Friday, October 10, 2003

Man who killed young mother gets 23 years



By Sharon Coolidge
The Cincinnati Enquirer

Pete Ridder had only one question for the man convicted of killing his daughter: "Why?"

"It's the question her children keep asking me," Ridder added.

Michael Neely, convicted and sentenced Thursday to 23 years to life in prison for killing Sara Ridder, did not answer the question.

After a three-day trial, a Hamilton County jury convicted Neely, 28, of Price Hill, of aggravated murder in the fatal shooting of Ridder on March 15, 2002. Judge David Davis sentenced him.

Neely's lawyer said her client was trying to prevent his roommate, William Boyles, from killing Ridder - who was Boyles' former girlfriend - their three children and himself when he went to the ex-girlfriend's Westwood home.

Neely shot the 24-year-old Cincinnati police dispatcher with an assault rifle, but the killing wasn't something he planned, said his attorney Elizabeth Agar. He wanted to scare Ridder from testifying in a domestic violence case against Boyles, with whom she'd had a tumultuous six-year relationship, Agar said.

Neely's conviction was the last of three tied to Ridder's slaying.

Boyles was convicted of involuntary manslaughter, aggravated burglary and domestic violence. He was sentenced in January to 13 years in prison.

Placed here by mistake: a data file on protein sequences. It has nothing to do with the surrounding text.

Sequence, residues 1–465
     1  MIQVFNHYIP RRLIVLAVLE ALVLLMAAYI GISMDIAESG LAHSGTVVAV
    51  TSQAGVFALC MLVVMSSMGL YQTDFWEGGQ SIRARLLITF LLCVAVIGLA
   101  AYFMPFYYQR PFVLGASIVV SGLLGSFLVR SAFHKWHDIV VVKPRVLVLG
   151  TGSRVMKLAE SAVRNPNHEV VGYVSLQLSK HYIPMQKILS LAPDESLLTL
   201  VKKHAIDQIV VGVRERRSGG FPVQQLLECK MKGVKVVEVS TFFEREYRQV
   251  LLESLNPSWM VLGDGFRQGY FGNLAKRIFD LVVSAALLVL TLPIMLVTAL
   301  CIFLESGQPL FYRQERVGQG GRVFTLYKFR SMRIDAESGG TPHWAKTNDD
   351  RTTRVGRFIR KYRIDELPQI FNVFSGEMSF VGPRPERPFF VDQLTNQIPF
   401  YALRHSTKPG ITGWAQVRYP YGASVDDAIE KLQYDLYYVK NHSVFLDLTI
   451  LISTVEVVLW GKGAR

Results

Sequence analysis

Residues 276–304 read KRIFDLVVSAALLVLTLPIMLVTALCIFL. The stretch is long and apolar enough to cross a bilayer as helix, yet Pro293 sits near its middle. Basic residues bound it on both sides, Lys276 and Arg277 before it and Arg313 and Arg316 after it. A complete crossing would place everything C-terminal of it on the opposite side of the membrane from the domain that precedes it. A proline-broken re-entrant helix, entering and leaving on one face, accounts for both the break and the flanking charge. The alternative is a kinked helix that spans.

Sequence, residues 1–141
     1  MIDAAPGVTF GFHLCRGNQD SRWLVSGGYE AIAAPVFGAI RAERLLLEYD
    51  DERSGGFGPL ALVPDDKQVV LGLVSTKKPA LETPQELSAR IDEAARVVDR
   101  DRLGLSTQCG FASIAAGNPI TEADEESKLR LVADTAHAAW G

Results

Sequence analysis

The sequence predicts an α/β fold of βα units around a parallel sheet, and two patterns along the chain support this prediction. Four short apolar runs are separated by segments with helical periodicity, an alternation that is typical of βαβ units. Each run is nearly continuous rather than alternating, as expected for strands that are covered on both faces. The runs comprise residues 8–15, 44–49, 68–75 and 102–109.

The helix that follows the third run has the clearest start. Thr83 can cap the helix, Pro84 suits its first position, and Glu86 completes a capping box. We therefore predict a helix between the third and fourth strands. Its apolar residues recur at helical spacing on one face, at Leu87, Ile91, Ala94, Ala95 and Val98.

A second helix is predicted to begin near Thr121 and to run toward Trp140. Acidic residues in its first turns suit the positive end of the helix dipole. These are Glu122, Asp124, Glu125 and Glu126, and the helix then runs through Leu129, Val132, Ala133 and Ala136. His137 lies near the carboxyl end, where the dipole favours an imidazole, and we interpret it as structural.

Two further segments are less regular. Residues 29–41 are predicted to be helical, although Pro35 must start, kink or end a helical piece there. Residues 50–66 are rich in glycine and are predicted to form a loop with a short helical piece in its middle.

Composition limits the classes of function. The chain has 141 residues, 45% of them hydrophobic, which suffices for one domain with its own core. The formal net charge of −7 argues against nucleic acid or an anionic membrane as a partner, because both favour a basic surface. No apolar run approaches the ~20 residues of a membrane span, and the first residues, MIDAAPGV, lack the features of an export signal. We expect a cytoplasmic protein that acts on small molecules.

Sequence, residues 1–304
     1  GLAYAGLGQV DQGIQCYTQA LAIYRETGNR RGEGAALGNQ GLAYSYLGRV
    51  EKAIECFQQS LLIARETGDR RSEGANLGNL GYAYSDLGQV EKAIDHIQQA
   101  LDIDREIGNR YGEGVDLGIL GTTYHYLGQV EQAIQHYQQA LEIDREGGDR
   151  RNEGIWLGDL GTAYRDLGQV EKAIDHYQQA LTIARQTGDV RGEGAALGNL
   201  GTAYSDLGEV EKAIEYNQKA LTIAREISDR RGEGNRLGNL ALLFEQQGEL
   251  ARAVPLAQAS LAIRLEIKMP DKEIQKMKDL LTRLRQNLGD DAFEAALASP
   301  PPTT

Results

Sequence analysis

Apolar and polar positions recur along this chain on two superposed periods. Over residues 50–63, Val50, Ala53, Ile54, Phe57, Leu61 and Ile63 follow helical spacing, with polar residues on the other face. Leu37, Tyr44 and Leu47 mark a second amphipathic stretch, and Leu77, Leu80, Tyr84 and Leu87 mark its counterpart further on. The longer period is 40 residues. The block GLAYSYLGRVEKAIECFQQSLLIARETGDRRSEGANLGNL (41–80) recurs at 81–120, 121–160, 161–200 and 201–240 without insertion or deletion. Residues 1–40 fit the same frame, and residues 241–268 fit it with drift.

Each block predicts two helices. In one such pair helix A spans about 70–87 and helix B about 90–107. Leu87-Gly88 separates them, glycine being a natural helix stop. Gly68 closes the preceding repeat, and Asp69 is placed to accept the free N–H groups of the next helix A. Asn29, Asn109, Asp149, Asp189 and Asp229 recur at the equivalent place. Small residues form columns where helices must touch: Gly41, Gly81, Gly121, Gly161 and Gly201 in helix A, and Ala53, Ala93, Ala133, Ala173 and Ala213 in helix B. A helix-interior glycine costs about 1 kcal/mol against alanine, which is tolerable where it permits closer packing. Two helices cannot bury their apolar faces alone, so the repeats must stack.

Boyles has since written a letter to Pam Ridder, Sara Ridder's mother, apologizing, saying he didn't mean to kill her daughter.

Daniel Battaglia Jr., 29, a friend of Boyles, is serving a three-year prison sentence for obstructing justice after he lied about not firing Boyles' SKS rifle, which police said was used to kill Ridder.

Both are appealing their sentences.

"The only thing I can say is I'm sorry," Neely said "Sorry to the family, sorry to the people I hurt."

Pete Ridder clutched his wife's hand as Davis sentenced Neely. Tears streamed down his wife's face.

"Nothing can bring Sara back," Pete Ridder said.

Sara Ridder's children, now ages 4, 5 and 7, help him keep his daughter's memory alive, he said.

"Peter, the youngest, looks just like her," he said. "I look at him, and it's like looking at her.

"He keeps me going."

E-mail scoolidge@enquirer.com




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